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Overwatch Borrowed This Feature from Call of Duty

Overwatch is Blizzard’s first true foray into the first person shooter genre, and it’s also the developer’s first time launching a new game simultaneously across PC and consoles. So when it came to making the shooting and gunplay feel just right for Overwatch, Blizzard turned to Treyarch, the developers behind Call of Duty: Black Ops 3 for some pointers.

One common game mechanic that makes console shooters feel “right” to the player in games from Call of Duty to Destiny to Halo is aim assist. And Blizzard says Overwatch borrows this same mechanic, specifically from the Call of Duty franchise.

When first-person shooters made the jump to consoles, one of the difficulties that developers had to overcome was the lack of precision inherent to a console controller’s thumbstick when compared to a mouse on PC. Developers have tried many tricks including auto aim mechanics, however most modern shooters today use aim assist.

Aim assist is best described as a stickiness that occurs when a player moves a reticle across a target. It is not a system that pulls bullets towards a target, which is a common misconception of how aim assist works.

It’s often most notable when aim assist is turned up, as players can notice that the reticle will slow down just a small amount when passing by the head of an opponent. Aim assist is integral in console players being able to quickscope or no-scope in first person shooters (and it’s also the reason why guns like Destiny‘s 1000-Yard Stare have been nerfed for having too high of aim assist).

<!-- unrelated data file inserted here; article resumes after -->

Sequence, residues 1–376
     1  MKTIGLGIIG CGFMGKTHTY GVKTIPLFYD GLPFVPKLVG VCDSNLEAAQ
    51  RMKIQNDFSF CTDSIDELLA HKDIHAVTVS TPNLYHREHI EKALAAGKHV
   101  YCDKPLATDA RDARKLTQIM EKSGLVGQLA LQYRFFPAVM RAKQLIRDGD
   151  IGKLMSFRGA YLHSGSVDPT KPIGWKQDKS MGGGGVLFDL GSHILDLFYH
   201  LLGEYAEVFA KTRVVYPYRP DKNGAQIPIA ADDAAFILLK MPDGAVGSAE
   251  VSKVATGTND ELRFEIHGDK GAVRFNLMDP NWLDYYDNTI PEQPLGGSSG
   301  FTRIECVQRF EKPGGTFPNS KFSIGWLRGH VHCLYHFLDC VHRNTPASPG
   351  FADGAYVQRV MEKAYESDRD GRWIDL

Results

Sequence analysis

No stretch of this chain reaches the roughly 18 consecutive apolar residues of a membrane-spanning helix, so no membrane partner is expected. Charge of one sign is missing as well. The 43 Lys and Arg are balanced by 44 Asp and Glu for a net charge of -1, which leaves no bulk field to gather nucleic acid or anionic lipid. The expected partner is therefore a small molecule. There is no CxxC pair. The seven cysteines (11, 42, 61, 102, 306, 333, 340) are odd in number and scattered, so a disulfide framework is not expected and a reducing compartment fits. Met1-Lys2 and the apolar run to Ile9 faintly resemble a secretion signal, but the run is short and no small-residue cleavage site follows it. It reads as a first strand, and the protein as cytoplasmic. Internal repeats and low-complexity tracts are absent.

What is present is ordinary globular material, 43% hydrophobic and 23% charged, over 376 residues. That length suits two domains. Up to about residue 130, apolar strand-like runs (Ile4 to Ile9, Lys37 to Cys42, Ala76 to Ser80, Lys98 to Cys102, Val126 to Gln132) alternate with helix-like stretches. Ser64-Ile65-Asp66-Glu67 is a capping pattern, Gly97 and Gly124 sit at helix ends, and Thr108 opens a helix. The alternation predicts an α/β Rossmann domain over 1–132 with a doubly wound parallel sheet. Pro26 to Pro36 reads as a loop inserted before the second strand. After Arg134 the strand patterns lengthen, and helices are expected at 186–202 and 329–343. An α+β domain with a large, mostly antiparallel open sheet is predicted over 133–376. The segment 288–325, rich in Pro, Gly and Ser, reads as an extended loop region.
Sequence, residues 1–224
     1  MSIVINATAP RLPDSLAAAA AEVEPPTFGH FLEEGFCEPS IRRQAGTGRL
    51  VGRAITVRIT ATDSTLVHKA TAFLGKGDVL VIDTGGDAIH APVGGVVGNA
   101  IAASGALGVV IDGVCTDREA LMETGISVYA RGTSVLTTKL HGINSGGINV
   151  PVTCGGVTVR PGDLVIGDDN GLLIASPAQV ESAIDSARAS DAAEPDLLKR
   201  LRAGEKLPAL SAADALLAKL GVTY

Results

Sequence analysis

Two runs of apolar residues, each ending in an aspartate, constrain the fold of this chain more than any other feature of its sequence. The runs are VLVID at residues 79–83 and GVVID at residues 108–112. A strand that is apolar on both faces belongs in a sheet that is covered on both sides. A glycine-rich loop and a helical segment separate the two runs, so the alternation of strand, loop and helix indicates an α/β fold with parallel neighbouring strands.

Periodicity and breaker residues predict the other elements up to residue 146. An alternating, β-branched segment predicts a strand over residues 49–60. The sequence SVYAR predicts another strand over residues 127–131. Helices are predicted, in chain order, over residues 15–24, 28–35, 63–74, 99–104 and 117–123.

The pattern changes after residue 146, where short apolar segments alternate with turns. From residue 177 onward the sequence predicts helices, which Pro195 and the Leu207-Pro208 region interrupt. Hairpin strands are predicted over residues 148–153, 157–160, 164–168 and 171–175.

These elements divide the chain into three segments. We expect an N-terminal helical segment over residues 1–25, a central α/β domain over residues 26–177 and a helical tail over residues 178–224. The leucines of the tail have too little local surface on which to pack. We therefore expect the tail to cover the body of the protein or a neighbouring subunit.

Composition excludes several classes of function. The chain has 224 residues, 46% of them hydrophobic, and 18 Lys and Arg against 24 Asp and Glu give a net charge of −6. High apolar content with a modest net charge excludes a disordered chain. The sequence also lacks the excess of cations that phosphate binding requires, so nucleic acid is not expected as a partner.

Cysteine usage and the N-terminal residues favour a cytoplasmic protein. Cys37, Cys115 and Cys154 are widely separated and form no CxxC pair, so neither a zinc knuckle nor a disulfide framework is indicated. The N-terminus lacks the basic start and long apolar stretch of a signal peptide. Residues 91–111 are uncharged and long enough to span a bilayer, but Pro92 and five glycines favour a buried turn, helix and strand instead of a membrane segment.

Blizzard’s assistant game director Aaron Keller says working with other developers within Activision, just as in this case with Treyarch, is not anything new.

“The funny thing is, we collaborate with a lot of different Activision studios. We collaborate with the Destiny team, when they were building Destiny they wanted to talk to some of the people at World of Warcraft to see how they made some of their content. And we’ve gone to Treyarch a number of times and talked to them, whether it’s about some of their guts of the engine features, or whether it’s about tuning changes. And they’ve come out and looked at some of our stuff, too.”

Anyone will be able to get a taste of Overwatch‘s aim assist system, and the game in general, when it enters open beta next week.

Overwatch officially launches May 24 on PC, PlayStation 4, and Xbox One.

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